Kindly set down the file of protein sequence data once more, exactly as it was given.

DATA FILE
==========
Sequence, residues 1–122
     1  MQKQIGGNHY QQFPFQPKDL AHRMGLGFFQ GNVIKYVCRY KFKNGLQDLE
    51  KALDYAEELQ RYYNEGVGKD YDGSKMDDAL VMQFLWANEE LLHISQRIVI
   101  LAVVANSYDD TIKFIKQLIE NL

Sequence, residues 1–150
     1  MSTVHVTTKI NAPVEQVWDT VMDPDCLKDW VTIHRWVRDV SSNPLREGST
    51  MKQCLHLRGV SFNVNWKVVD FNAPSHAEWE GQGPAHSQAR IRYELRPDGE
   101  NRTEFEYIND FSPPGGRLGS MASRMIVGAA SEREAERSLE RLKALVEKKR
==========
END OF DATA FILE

Sequence, residues 1–122
     1  MQKQIGGNHY QQFPFQPKDL AHRMGLGFFQ GNVIKYVCRY KFKNGLQDLE
    51  KALDYAEELQ RYYNEGVGKD YDGSKMDDAL VMQFLWANEE LLHISQRIVI
   101  LAVVANSYDD TIKFIKQLIE NL

Sequence, residues 1–150
     1  MSTVHVTTKI NAPVEQVWDT VMDPDCLKDW VTIHRWVRDV SSNPLREGST
    51  MKQCLHLRGV SFNVNWKVVD FNAPSHAEWE GQGPAHSQAR IRYELRPDGE
   101  NRTEFEYIND FSPPGGRLGS MASRMIVGAA SEREAERSLE RLKALVEKKR